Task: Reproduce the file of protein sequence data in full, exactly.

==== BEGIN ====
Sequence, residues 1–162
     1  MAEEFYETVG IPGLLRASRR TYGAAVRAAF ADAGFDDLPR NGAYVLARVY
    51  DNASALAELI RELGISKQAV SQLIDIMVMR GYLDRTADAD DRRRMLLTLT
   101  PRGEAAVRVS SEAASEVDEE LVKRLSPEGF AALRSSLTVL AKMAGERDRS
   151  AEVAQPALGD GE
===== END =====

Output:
Sequence, residues 1–162
     1  MAEEFYETVG IPGLLRASRR TYGAAVRAAF ADAGFDDLPR NGAYVLARVY
    51  DNASALAELI RELGISKQAV SQLIDIMVMR GYLDRTADAD DRRRMLLTLT
   101  PRGEAAVRVS SEAASEVDEE LVKRLSPEGF AALRSSLTVL AKMAGERDRS
   151  AEVAQPALGD GE